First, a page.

OBJECTIVE: To determine if an elevated fetal umbilical artery Doppler pulsatility index is associated with abnormal respiratory function and atopy in children aged 12 years.
METHODS: This prospective case-control study compared children that had an elevated fetal umbilical artery Doppler pulsatility index (> 90th centile) to those with a normal pulsatility index (< 90th centile). All subjects were delivered at full-term and with appropriate growth for gestational age. Outcome measures included; (i) presence of asthma and/or atopy; (ii) spirometry measurements and (iii) serum C-reactive protein and leptin. Multiple regression was used to account for parental smoking, childhood age, gender and socioeconomic status.
RESULTS: 174 children with an average age of 12.1 (± 0.6 SD), 48% of who were male were included in the analysis. Of the 174, 99 (57%) were in the normal umbilical artery Doppler pulsatility index group and 75 (43%) elevated umbilical artery Doppler pulsatility index groups. The overall proportion of subjects with asthma was 28% (48/174) and atopy 56% (98/174). No association was found between elevated fetal umbilical artery Doppler pulsatility index and asthma (p = 0.47) or atopy (p = 0.75) at age 12 years. Similarly there was no association between FEV1(%) (p = 0.96), forced vital capacity (FVC)(%) (p = 0.98), elevated serum C-reactive protein (p = 0.69) or leptin (p = 0.20) and an elevated fetal umbilical artery Doppler pulsatility index.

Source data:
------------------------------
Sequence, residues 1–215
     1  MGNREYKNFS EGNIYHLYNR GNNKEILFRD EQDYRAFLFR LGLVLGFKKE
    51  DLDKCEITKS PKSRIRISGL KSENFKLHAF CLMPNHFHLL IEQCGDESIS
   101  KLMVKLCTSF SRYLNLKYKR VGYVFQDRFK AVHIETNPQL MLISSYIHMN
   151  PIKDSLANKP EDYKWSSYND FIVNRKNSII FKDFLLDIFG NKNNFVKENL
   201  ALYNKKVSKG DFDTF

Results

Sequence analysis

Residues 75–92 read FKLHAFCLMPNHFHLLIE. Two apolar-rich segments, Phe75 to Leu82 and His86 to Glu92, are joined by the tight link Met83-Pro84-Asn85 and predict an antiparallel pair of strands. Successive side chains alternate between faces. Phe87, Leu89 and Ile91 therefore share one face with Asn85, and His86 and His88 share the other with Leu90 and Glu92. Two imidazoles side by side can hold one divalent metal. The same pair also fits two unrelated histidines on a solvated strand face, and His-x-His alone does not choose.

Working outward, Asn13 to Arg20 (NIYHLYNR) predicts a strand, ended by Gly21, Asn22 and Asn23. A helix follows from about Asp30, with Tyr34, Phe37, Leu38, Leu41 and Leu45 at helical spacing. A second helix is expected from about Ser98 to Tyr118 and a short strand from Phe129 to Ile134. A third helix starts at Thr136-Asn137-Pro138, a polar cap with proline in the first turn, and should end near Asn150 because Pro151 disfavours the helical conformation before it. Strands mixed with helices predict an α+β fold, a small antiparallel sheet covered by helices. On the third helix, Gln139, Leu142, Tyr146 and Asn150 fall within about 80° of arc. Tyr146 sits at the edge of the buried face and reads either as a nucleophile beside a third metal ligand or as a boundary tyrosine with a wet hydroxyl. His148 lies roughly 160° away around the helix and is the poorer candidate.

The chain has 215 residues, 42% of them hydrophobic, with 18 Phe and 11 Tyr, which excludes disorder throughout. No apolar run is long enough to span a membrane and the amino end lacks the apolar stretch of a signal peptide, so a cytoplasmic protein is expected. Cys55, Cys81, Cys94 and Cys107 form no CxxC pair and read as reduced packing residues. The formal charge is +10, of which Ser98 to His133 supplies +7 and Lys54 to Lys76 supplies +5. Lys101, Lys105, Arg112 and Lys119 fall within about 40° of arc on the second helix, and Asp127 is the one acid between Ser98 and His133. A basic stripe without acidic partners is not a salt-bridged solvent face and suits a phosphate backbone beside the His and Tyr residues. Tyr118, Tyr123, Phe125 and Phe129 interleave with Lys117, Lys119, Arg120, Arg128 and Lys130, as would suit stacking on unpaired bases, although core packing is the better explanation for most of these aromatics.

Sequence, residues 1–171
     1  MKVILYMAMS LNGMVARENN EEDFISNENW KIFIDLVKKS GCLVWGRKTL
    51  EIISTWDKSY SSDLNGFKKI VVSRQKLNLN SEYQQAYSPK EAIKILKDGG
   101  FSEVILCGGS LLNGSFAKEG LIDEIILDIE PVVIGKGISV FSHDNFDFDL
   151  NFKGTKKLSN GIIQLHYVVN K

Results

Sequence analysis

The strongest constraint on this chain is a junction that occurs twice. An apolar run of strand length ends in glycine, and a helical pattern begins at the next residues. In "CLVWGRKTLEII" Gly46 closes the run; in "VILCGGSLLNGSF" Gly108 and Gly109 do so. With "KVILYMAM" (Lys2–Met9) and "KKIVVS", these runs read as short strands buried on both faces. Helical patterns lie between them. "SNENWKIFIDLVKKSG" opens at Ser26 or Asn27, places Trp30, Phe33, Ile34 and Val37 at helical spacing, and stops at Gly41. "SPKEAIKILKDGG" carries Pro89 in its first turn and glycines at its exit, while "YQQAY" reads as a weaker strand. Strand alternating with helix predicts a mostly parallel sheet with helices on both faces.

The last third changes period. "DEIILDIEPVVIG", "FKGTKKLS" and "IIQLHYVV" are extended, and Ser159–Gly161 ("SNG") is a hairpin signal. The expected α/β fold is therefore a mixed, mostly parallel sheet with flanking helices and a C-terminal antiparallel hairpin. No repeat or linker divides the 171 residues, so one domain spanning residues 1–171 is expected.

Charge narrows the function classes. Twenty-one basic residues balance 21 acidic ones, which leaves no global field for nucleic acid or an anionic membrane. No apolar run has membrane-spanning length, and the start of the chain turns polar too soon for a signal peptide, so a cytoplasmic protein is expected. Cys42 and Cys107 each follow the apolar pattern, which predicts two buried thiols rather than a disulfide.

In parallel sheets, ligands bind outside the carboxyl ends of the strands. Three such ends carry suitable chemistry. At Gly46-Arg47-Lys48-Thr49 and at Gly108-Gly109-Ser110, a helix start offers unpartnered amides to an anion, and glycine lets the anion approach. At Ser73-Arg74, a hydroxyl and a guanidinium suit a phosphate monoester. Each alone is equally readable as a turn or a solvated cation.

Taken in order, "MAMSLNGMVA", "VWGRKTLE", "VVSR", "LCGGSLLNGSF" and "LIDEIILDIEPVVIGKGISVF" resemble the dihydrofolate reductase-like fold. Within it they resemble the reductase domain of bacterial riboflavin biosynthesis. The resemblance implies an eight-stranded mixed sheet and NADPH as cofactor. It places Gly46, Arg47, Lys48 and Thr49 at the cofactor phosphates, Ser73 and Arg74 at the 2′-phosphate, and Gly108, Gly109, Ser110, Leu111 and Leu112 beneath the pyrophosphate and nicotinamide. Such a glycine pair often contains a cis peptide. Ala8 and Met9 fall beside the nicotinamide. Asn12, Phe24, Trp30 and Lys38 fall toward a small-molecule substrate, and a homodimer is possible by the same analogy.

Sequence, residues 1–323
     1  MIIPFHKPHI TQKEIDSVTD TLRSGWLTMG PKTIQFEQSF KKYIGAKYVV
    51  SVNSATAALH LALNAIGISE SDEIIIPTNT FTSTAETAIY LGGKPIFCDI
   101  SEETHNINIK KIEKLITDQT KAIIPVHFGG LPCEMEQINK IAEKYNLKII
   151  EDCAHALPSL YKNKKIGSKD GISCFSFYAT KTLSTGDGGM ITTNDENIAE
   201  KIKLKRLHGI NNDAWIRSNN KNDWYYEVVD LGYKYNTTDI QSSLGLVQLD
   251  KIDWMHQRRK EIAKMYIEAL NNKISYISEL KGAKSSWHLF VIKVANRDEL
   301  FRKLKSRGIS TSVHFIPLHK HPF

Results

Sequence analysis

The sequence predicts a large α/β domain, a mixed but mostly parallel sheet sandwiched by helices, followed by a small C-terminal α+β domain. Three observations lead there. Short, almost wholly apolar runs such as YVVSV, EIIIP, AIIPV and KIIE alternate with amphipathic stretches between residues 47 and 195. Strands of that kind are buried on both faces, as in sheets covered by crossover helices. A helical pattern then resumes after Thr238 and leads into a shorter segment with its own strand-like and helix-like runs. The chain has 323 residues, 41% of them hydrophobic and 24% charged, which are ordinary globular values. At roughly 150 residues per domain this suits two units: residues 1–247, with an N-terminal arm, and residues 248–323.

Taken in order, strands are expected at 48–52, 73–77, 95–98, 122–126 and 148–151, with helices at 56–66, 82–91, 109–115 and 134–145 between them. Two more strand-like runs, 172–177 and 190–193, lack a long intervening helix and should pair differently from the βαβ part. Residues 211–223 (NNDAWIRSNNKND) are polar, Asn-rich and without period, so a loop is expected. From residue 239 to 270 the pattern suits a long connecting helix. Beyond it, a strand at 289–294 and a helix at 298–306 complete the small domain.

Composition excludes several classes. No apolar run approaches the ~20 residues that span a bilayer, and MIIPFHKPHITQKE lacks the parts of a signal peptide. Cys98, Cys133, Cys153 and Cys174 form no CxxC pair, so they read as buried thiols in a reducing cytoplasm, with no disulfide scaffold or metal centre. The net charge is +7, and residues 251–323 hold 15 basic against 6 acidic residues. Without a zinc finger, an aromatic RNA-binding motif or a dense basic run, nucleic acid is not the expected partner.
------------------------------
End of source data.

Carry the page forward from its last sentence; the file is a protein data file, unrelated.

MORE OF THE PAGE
CONCLUSION: An elevated umbilical artery Doppler at 28-week gestation in the absence of prematurity or fetal growth restriction is not associated with altered respiratory function or presence of atopy in children aged 12 years. These findings support the theory that such disease has a multifactorial pathophysiology.